This paper seeks to show how 'policy', 'management' and 'information and communications technology' (ICT) were constructed for schools in England between 2000 and 2003 and to discuss some effects of these constructions on teaching and learning in the institutions involved in the InterActive Education Project. It argues that their contribution collectively constituted 'ICT' as a particular kind and form of challenge for schools, and that recognising the nature of this constitution is crucial to understanding the relationship between ICT and teaching and learning. Informed by an abductive methodology, this paper draws on analyses of policy documents and interviews with the head teachers of the educational institutions taking part in the InterActive Education Project to show how the possibilities and opportunities of using ICT were shaped by those constructions. It suggests that the main policy framing ICT in education over the period in question, the National Grid for Learning, had the provision of hardware and infrastructure as its main target, but offered little advice on how they might be used. This constituted the core of the management problem of ICT for schools. The final section of the paper outlines some of the mechanisms through which schools addressed these issues and discusses some possible implications for what counts as 'teaching and learning' with 'ICT'.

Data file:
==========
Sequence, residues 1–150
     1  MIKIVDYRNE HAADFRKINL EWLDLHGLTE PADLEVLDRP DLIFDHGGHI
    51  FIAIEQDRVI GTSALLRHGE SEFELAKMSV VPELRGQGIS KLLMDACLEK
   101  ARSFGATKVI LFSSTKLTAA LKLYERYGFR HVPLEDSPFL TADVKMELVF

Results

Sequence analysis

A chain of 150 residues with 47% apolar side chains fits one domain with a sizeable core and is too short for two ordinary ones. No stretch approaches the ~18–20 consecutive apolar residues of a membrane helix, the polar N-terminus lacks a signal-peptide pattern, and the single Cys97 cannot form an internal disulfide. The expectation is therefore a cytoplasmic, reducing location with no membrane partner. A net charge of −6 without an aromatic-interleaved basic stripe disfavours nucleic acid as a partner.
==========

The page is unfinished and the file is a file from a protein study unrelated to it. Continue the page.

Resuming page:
|Translated title of the contribution||'You can't not go with the technological flow, can you?' Constructing 'ICT' and 'Teaching and Learning'|
|Pages (from-to)||456 - 470|
|Number of pages||15|
|Journal||Journal of Computer Assisted Learning|
|Publication status||Published - Dec 2004|